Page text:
The college students that overrun Beantown each year may soon have a decent excuse to stay out all night.
On Friday, an independent committee with the the Massachusetts Bay Transportation Authority officially recommended exploring overnight transit service in Boston, paid for by local colleges purchasing semester-long transit passes for their students.
The MBTA Rider Oversight Committee, which addresses customer service and ridership issues, drafted a funding strategy for night owl service after a March survey found widespread support for such a program. Students and young professionals were particularly vocal about how all-night transit would make commuting to school and work easier and allow them to enjoy more local nightlife.
With the MBTA running at a $125 million deficit, however, the committee realized that any night owl program would have to balance enthusiasm for the service extension with fiscal reality.
Its proposal is modeled after similar programs in Milwaukee, Chicago and San Francisco. As in those cities, the plan calls for partnering universities to buy transit passes for all students during every term of their enrollment. In return the MBTA would heavily discount these transit passes, perhaps by more than half — significantly higher than the 11 percent discount that college students in Boston receive now.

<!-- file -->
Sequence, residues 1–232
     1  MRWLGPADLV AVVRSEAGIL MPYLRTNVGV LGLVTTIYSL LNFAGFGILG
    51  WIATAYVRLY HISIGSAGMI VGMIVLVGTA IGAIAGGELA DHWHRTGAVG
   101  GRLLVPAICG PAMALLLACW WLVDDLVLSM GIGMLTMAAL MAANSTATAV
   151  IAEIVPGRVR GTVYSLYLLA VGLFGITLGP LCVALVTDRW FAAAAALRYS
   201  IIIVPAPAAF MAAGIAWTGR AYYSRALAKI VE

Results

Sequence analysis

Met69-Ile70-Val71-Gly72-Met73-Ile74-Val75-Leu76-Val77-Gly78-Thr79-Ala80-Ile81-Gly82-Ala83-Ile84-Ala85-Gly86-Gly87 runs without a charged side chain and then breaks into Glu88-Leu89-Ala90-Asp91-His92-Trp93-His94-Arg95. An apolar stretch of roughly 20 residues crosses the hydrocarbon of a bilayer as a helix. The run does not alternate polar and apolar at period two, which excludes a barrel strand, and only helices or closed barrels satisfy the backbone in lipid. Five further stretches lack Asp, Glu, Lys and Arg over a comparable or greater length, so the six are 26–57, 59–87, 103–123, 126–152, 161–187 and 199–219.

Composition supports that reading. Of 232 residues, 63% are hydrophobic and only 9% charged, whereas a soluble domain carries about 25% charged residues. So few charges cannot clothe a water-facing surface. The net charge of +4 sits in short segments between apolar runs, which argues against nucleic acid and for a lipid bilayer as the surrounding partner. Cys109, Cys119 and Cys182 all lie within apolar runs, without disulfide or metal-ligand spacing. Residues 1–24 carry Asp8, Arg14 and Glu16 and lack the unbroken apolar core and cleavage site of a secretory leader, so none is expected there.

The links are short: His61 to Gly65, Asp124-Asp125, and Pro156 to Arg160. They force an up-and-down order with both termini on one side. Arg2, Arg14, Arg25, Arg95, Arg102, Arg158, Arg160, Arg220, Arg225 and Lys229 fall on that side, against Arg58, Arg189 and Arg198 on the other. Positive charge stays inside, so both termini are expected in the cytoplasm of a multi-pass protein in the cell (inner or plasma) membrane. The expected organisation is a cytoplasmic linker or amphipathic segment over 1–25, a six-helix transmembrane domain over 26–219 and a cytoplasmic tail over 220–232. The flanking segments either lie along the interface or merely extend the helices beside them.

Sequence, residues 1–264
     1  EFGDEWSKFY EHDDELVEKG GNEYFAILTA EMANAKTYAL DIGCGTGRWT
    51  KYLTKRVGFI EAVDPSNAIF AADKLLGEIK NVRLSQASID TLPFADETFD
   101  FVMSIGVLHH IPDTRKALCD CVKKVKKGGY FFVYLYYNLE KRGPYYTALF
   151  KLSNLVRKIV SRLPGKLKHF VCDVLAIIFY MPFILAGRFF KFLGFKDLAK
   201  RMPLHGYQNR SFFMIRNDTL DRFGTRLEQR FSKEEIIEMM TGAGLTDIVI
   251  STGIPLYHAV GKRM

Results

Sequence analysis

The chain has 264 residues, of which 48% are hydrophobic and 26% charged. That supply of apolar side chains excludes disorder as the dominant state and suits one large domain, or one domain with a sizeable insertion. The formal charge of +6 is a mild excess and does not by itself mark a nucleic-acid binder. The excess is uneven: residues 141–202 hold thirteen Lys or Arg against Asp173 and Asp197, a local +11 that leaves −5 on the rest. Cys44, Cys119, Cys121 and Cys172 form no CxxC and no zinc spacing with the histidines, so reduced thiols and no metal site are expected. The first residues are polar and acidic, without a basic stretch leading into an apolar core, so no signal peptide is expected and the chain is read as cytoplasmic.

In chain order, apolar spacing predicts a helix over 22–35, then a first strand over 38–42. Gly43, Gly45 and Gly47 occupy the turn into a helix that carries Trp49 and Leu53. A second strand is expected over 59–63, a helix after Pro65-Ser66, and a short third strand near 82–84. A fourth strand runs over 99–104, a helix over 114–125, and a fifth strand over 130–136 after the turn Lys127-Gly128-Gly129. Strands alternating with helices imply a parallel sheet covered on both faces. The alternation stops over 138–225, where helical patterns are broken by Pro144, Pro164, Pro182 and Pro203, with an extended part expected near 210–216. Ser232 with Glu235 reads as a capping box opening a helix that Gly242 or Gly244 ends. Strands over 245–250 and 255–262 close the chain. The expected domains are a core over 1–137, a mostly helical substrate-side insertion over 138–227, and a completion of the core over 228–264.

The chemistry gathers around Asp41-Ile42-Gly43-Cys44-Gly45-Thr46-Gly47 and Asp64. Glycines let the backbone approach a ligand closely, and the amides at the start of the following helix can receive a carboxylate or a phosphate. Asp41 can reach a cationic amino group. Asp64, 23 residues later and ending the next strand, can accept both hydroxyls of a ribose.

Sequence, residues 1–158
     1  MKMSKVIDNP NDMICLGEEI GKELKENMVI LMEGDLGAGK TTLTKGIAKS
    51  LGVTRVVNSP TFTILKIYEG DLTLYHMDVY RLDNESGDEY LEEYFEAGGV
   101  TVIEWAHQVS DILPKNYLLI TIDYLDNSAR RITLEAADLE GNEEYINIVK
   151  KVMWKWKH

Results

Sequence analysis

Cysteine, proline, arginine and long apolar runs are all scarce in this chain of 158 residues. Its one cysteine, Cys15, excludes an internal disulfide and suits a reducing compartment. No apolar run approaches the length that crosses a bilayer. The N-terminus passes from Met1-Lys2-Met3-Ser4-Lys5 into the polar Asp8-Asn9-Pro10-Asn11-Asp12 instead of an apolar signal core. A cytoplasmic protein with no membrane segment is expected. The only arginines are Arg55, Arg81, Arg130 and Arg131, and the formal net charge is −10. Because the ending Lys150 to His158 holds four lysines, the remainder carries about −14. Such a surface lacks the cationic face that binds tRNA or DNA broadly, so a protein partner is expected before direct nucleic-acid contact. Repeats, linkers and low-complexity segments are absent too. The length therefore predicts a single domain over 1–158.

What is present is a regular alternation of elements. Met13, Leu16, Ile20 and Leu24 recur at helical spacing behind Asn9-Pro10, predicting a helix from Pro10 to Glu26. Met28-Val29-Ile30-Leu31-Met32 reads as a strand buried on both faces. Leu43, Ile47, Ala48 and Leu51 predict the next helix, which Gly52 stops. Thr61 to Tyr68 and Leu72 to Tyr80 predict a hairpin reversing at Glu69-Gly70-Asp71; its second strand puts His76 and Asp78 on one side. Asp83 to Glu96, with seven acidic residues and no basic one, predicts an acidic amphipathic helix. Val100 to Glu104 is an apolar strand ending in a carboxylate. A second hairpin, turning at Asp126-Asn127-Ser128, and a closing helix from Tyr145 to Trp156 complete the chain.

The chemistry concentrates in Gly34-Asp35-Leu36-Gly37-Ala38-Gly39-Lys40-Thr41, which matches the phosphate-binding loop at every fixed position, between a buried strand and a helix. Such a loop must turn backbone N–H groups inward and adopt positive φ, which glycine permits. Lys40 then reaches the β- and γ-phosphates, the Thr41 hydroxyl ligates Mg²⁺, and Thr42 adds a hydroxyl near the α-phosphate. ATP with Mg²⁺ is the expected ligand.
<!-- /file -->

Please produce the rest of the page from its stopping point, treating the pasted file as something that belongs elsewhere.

With 250,000 students in the area, the committee expects that the increase in ridership passes, even at the discounted rate, will provide enough new revenue to cover all-night service. The proposal estimates that if just half of Boston universities participate in a program that offers transit passes at a 50 percent discount, for instance, the program could generate $43 million in new revenue annually. With night owl service expected to cost less than $10 million, the reinvented college student passes could leave the MBTA with a hefty surplus.
This isn’t the first time Boston has taken a crack at night owl service. Between 2001 and 2005 the MBTA ran a limited late-night bus service. This service eventually ceased because it cost the agency more than five times as much to transport a night owl customer than a daytime passenger, thanks to sparse use and overtime pay.
While costs will remain high this time around, the new night owl service will benefit from not relying as heavily on ticket receipts. It could also see potentially higher ridership rates, as college students may be less likely to use alternatives like taxis if they have a transit pass for which their school has already paid.
MBTA officials have also raised concerns that all-night service may disrupt maintenance work that can only get done in the early morning, when no trains or buses are running.
When similar programs were implemented in Milwaukee and Chicago, student bodies voted on whether to participate in the program and have the cost of the transit pass added to their tuition. The fear is that if not enough Boston universities opt into the program, the city may be left supporting a lightly used overnight service with little extra revenue.
But according to the proposal, this scenario hasn’t played out in other cities. A recent survey found that 89 percent of students in Milwaukee favor the program, despite tuition increases. In Chicago the program has proven so popular that it was recently expanded to vocational schools.